Will a new DPT process risk the repeat of Indonesia's renewables slump?
It took two years before another renewables project to come through.
Indonesian renewables’ momentum crashed to a halt in 2018 partly due to PLN’s delayed completion of the yearly prequalification (PQ) and procurement process for DPT, a list of developers qualified to participate in the market. HHP Law Firm partner Nadia Soraya told Asian Power that the sector could risk facing another slump in 2019 if processes get executed in the same way.
For the 2019 DPT, PLN set the deadline of applications on 15 March, and if processes go as planned, it could announce the results in June. “It is hoped that, as this is not the first time PLN conducts the DPT PQ process, it would be completed as scheduled or at least it would not take as long as it was for the 2017 renewable DPT process. However, there remains concerns that the 2019 DPT process would still take longer than the schedule that PLN has set,” Soraya said.
On a positive note, PLN eased the backlog that would have contributed to a potential delay in the June announcement. On 28 March, it released the long-awaited 2018 DPT PQ process results for large hydropower projects.
However, the PQ is not the only task PLN needs to tick off. Soraya said, “If there are no renewable projects being tendered out in which the developers who have been included in the DPT can participate in, it would prevent the growth of the renewables investment in Indonesia.” On 11 March, PLN started a tender for developers in the 2017 DPT (results were announced November 2018) for a solar PV power plant project in Eastern Bali.
Soraya noted that all of the parties in the DPT announced in November 2018 were invited to participate and had until 26-29 March to collect the Request for Proposal (RFP) documents. “I believe this is a good development and will attract new solar PV investments,” she said.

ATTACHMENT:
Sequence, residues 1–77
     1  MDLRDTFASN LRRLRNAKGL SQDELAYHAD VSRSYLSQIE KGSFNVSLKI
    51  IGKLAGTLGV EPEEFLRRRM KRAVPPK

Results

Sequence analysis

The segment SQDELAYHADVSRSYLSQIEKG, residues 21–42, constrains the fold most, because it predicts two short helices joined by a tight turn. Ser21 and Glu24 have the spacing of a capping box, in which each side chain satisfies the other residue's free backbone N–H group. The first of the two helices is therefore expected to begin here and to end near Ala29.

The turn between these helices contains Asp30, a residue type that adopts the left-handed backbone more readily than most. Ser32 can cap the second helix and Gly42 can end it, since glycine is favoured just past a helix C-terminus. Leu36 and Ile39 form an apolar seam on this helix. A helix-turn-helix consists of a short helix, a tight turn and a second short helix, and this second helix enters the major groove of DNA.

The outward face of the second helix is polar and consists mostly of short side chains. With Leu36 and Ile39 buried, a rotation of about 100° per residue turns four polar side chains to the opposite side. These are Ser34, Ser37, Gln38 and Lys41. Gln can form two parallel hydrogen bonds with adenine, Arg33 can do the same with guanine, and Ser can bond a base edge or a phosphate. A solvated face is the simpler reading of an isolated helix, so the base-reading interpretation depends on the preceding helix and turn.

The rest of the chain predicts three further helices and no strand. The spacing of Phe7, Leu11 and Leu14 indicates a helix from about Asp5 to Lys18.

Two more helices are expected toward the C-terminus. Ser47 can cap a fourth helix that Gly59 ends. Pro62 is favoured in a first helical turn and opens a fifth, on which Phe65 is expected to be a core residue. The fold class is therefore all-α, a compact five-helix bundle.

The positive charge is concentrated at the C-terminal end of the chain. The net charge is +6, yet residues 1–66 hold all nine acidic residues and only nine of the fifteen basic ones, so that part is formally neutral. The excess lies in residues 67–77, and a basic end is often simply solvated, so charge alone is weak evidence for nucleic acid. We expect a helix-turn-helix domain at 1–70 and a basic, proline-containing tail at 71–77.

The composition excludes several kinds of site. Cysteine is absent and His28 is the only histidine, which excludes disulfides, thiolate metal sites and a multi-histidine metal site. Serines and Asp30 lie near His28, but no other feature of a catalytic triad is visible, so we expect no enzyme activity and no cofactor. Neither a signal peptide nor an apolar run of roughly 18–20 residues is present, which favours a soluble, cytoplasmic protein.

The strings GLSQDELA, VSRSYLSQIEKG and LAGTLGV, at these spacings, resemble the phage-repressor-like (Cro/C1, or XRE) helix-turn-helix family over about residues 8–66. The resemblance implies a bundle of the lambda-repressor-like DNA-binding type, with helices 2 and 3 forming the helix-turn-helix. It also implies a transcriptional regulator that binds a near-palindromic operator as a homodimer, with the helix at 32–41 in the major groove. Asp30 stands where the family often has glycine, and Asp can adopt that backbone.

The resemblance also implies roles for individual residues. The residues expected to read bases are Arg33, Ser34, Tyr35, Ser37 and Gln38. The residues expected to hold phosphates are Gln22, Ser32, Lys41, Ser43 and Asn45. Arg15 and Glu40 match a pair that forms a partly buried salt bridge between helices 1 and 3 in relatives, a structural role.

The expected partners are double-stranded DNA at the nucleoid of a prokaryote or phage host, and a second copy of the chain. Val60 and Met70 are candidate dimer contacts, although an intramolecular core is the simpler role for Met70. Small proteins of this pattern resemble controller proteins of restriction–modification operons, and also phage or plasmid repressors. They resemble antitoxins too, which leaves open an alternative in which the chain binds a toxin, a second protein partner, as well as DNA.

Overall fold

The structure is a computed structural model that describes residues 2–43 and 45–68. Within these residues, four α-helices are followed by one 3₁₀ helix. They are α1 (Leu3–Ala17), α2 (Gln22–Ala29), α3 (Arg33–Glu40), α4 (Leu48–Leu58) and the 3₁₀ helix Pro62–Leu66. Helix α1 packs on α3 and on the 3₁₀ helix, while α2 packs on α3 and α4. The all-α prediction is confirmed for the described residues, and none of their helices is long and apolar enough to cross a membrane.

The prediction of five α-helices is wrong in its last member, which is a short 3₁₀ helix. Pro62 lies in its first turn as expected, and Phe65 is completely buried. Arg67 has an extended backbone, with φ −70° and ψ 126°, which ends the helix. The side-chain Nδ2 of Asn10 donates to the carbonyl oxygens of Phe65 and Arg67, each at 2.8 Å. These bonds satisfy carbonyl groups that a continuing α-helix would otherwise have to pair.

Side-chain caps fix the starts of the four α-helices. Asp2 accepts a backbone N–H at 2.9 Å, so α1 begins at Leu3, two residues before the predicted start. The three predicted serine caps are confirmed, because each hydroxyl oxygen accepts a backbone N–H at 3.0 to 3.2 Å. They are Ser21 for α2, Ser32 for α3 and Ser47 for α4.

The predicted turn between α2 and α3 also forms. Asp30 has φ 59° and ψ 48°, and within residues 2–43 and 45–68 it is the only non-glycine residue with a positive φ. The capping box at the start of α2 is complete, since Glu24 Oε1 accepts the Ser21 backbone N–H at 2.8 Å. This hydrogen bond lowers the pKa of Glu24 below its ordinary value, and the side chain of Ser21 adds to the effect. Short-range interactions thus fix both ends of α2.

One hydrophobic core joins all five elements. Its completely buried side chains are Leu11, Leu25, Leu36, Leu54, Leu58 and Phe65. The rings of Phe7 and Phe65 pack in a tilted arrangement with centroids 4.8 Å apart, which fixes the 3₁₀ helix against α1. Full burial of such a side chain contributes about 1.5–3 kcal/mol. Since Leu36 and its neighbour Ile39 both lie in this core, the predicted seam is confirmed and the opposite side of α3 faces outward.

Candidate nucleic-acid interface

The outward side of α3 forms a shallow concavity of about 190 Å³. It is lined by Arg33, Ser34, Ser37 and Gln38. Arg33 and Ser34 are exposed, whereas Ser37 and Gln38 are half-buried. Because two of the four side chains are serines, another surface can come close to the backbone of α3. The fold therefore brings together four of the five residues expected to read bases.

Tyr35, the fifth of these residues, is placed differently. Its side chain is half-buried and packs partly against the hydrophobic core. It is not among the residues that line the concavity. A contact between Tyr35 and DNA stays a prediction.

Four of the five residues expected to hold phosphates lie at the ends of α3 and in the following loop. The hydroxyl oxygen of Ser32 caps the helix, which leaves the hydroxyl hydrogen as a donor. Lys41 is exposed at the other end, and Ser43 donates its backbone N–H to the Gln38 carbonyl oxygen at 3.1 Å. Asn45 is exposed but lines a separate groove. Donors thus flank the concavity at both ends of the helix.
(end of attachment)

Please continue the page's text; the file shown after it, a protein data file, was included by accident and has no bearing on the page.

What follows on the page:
Delays aside, Soyara views DPT as positive for Indonesia.“The PQ process should be seen as the regulation for Indonesian renewables heading to the right path, so long as there is transparency in the process and the results,” she concluded.
What are the biggest hurdles in the development of renewables in Indonesia?
At the moment, from a regulatory perspective, it is related to the procurement process of renewables which has been delayed for two years. Although results came out a few months ago, it has been two years since the last project for renewables.
Why do these regulatory hurdles exist?
Historically, because it’s been there. I think it’s more of the need for synchronisation between what the business needs as well as what the government needs to do in terms of accommodating what’s in the market. I think what needs to be done is for there to have a discussion amongst the stakeholders, the key players, as well as the government.
How should Indonesia change its approach on renewables in order to resolve its issues?
It’s more on making the regulations more lenient towards renewables, more stringent especially with respect to the procurement rules as well as tariff. Tariff is also an important thing. It would be less attractive to investors, in addition to other regulations which limit the capability of investors to invest in Indonesia.